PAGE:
Why U.S. Silica Shares Fell
Apr 30th 2013 5:56PM
Updated Apr 30th 2013 6:15PM
Although we don't believe in timing the market or panicking over market movements, we do like to keep an eye on big changes -- just in case they're material to our investing thesis.
What: Shares of U.S. Silica Holdings dropped as much as 15% today early this morning on a downbeat earnings report, though it recovered most of its losses to finish out the day down just 3.6%.
So what: The silica miner and processor said that adjusted earnings per share fell 5.3 % to $0.35 off analysts' targets by a penny, however revenue grew 19% to $122.3 million, slightly ahead of expectations. Growth in the oil and gas segment was strong, up 36%, due to demand from fracking, which uses the silica compound as an ingredient in the sand it shoots to fracture shale rock, but profits only barely increased from the oil and gas segment despite the sales jump. Revenue in its other segment, industry and special products, was essentially stagnant. Meanwhile, top-line guidance for the current quarter topped Wall Street projections.
Now what: The market's reaction seems a little strange here, as earnings were barely off expectations, and everything else was better than expected. U.S. Silica even initiated a $0.125 quarterly dividend, good enough for a 2.5% yield. Today's sell-off may be a consequence of a stock that's already been bid up significantly, more than doubling since last summer. I also have concerns about its inability to convert additional revenue into profits, but over the long term that should straighten out. For believers in fracking this looks like a solid bet.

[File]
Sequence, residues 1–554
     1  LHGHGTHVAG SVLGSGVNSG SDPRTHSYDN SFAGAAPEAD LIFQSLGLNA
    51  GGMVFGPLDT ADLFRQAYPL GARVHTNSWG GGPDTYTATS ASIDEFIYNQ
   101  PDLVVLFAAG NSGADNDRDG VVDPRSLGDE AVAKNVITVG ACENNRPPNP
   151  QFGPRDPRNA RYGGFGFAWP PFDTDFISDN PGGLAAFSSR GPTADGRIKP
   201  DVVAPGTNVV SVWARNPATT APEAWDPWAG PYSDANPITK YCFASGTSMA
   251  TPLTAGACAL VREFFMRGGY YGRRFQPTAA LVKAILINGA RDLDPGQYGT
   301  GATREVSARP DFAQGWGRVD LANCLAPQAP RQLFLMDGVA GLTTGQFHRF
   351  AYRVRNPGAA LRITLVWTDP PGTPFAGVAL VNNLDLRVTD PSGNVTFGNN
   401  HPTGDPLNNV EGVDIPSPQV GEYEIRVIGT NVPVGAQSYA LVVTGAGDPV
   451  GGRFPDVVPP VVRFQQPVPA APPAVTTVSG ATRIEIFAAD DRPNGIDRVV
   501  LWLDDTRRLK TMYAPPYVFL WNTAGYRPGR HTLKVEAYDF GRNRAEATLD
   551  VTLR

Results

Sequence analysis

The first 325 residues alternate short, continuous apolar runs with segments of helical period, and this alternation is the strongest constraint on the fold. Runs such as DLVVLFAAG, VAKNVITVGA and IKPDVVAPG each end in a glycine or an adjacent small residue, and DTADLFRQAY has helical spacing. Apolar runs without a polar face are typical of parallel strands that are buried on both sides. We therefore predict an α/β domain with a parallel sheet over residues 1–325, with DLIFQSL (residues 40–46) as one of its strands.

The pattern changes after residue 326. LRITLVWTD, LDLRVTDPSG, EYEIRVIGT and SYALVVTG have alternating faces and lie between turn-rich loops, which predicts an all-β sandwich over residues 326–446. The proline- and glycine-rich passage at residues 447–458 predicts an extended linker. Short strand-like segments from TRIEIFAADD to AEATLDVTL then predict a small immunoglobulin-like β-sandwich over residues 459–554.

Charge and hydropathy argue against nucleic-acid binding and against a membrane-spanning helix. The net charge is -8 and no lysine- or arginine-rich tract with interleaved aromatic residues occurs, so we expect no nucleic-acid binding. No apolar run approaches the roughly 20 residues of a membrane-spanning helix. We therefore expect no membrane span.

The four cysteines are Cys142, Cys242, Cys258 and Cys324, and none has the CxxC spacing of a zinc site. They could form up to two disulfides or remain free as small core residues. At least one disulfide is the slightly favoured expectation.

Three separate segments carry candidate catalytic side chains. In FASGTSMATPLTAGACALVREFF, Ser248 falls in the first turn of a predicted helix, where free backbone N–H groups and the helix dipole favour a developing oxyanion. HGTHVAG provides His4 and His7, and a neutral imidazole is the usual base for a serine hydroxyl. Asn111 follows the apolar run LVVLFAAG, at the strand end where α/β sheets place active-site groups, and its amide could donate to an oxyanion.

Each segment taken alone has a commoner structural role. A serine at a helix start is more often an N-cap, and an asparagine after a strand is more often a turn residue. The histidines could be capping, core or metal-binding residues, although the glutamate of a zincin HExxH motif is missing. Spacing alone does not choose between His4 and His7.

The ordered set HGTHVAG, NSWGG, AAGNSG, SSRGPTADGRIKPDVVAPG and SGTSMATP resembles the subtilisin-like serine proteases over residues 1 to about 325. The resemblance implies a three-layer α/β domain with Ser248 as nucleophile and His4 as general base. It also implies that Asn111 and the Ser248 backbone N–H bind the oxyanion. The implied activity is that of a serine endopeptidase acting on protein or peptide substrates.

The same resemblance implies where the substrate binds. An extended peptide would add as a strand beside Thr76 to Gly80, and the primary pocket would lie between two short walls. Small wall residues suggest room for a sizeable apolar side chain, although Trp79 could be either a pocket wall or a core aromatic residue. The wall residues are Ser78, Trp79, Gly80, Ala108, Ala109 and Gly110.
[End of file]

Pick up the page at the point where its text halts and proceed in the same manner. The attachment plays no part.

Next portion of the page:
For more information on U.S. Silica, add the stock to your Watchlist here.
The article Why U.S. Silica Shares Fell originally appeared on Fool.com.Motley Fool contributor Jeremy Bowman has no position in any stocks mentioned. The Motley Fool owns shares of U.S. Silica Holdings. Try any of our Foolish newsletter services free for 30 days. We Fools may not all hold the same opinions, but we all believe that considering a diverse range of insights makes us better investors. The Motley Fool has a disclosure policy.
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